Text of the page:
日本での一年間

May 28, 2009

Kurashiki – Ohara Museum

Filed under: Chuugoku, Domestic, Trips — myyearinjapan @ 4:45 pm

The Ohara Museum, located in the city of Kurashiki, was the first museum dedicated solely to Western art in Japan.

outside the front of the museum

outside the front of the museum

Outside the front of the museum

Outside the front of the museum

Museum facade

Museum facade

Vine covered gate

Vine covered gate. I like this girl's outfit.

This girl looks freakishly similar to someone I know

This girl looks freakishly similar to someone I know

The museum has a lot of windows and actually is split into several buildings. The main building in particular has a lot of good natural light

The museum has a lot of windows and actually is split into several buildings. The main building in particular has a lot of good natural light

windows

windows

May 26, 2009

Kurashiki Canal

Filed under: Chuugoku, Domestic, Trips — myyearinjapan @ 12:26 am

After Kyoto, we moved on to Kurashiki, a city in the Chugoku region of Japan on the Western end of the main island that lies on the shores of the Seto Inland Sea. It isn’t a very large city, but it’s famous for it’s western art museum, it’s canal and it’s history of folk crafts, such as toys. I took the following pictures while we were watching a boat go along the canal. (Of course, the canal is so short now that the boat isn’t needed to travel down the canal, but tourists can still ride these boats to get a taste of what Kurashiki was once like.)

The canal, with pedestrian walkways on either side, and not yet bloomed trees lining the sides. It must be very beautiful when the trees bloom.

The canal, with pedestrian walkways on either side, and not yet bloomed trees lining the sides. It must be very beautiful when the trees bloom.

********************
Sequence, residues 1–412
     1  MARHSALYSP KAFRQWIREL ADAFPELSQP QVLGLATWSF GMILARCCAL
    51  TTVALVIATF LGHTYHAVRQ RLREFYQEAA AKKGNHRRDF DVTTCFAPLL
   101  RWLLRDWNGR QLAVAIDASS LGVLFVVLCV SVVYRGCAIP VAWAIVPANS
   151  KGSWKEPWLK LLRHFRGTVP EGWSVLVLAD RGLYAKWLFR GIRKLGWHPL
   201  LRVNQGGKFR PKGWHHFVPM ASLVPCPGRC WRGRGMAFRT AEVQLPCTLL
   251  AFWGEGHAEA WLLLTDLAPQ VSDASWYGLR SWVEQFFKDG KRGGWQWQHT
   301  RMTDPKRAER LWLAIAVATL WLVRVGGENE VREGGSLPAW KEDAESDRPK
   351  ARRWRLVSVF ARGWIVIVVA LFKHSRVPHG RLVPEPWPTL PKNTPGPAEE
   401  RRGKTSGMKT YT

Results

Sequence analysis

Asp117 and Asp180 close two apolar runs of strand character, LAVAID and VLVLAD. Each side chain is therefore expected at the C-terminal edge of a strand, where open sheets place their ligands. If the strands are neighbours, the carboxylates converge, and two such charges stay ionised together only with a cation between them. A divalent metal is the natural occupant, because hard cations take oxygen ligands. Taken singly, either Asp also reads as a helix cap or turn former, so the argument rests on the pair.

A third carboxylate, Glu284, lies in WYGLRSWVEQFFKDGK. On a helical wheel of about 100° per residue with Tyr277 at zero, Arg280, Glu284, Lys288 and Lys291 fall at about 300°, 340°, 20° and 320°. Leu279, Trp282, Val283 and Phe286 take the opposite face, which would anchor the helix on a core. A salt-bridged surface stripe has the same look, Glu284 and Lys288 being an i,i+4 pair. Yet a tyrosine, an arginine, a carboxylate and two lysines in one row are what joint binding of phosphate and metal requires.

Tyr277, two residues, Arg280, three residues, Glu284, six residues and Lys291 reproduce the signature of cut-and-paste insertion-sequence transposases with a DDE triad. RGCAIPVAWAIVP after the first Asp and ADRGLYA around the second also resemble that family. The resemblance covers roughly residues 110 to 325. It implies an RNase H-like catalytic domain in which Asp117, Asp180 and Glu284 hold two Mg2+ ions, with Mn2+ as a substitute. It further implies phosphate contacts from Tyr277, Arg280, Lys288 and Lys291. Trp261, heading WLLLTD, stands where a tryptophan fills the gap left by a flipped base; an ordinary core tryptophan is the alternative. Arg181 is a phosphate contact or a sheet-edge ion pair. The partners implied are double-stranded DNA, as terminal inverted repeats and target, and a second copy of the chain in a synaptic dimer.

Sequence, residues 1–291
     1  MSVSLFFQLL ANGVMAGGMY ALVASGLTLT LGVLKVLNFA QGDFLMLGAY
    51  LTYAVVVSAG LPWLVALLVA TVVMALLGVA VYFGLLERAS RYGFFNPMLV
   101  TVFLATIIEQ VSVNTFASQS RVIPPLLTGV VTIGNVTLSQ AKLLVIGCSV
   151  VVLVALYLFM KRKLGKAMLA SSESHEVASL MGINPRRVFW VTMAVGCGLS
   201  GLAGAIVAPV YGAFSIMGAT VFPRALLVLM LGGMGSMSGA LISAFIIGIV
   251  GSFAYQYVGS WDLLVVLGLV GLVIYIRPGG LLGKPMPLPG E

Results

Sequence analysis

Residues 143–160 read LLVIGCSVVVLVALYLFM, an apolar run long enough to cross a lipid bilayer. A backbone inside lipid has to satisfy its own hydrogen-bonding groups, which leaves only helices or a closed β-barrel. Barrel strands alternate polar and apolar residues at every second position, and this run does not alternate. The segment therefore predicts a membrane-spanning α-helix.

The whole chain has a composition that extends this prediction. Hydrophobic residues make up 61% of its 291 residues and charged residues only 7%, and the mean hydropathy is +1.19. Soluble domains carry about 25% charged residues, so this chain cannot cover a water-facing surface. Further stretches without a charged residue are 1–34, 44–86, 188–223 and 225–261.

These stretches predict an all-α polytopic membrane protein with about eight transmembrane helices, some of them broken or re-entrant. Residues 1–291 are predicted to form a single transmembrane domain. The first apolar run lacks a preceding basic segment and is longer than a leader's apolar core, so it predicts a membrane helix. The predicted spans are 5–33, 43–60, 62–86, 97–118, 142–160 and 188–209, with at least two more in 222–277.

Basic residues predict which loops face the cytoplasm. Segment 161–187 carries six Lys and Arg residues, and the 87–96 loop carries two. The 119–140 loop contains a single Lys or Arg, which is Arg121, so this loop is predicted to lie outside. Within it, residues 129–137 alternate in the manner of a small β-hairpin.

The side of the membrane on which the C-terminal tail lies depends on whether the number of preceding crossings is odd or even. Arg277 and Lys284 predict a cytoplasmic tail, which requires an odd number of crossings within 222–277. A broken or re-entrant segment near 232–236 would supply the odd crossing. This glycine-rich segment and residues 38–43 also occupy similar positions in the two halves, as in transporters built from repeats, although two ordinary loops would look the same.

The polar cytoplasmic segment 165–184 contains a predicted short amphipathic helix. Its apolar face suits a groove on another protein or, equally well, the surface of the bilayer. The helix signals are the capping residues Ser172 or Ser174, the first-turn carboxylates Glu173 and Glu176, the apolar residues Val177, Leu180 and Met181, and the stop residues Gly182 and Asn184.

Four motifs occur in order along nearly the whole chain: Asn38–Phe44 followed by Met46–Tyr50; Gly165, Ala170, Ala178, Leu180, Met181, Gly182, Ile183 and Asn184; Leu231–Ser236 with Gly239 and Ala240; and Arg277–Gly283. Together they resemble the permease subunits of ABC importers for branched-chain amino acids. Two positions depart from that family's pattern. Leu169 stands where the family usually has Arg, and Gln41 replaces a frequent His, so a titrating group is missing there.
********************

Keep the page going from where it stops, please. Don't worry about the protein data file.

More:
The boat approaches

The boat approaches

A lady walks along the canal in traditional dress.

A lady walks along the canal in traditional dress.

The boat up close

The boat up close

May 15, 2009

Mitarashi Dango Shop in Kyoto

Filed under: Cuisine, Domestic, Food, Kansai, Trips — myyearinjapan @ 1:08 pm

While in Kyoto, I ran across this little shop selling sweets, including Mitarashi Dango (御手洗団子), Rice cakes covered in sweet soy sauce. We each bought a stick of the mitarashi dango and it was delicious.

looking over the items for sale

looking over the items for sale

Putting the sweet soy sauce on the rice cakes

Putting the sweet soy sauce on the rice cakes

Making a sale. There was quite a long line at this little store.

Making a sale. There was quite a long line at this little store.

May 12, 2009

Corn Sushi

Filed under: Cuisine, Food — myyearinjapan @ 6:59 am

I was at a kaiten-zushi (回転寿司 those restaurants where sushi passes in front of you on a converyor belt and you take whichever sushi you like and pay at the end based on the number of plates you have in front of you) place with some friends. I saw this piece of sushi that had soem grilled corn on top instead of fish and thought it was so interesting that I had to get it.

corn sushi

corn sushi

May 11, 2009

Shirakawago

Filed under: Chubu, Domestic, Trips — myyearinjapan @ 2:15 am

While in Takayama, we took a day trip to Shirakawago (白川郷), a small town up in the mountains famous for its gassho zukuri houses (合掌造り), which means ‘hands in prayer’ style. They’re a kind of wooden house with a steep rafter roof. That area of Japan is part of Snow Country (雪国), and gets some of the most snow in Japan. That’s a big reason why this style of architecture developed. It was common throughout the region, but now can only be seen in a few places, such as Shirakawago. I had wanted to visit during the winter, so I could see the gassho houses covered in snow, when they are supposed to be quite spectacular, but by the time we got there, the snow was mostly melted, only a few piles here and there in the shade.

There arent any trains to Shirakawago, most people get there on tour buses, like the ones in the bottom left of this picture.

There aren't any trains to Shirakawago, most people get there on tour buses, like the ones in the bottom left of this picture. It was very rainy the day we went to Shirakawago.

Even the restaurants and souvenir shops are gassho zukuri style buildings

Even the restaurants and souvenir shops are gassho zukuri style buildings

Right next to a gassho zukuri house

Right next to a gassho zukuri house

Another gassho zukuri house

Another gassho zukuri house

Looking out at gassho zukuri houses from the attic of another house

Looking out at gassho zukuri houses from the attic of another house

Babbling brook that goes past the gassho zukuri homes

Babbling brook that goes past the gassho zukuri homes

The house thats covered in plastic is set to have its roof repaired. Then roofs are repaired by groups of volunteers, who want to help preserve history

The house that's covered in plastic is set to have its roof repaired. Then roofs are repaired by groups of volunteers, who want to help preserve history

The homes next to the river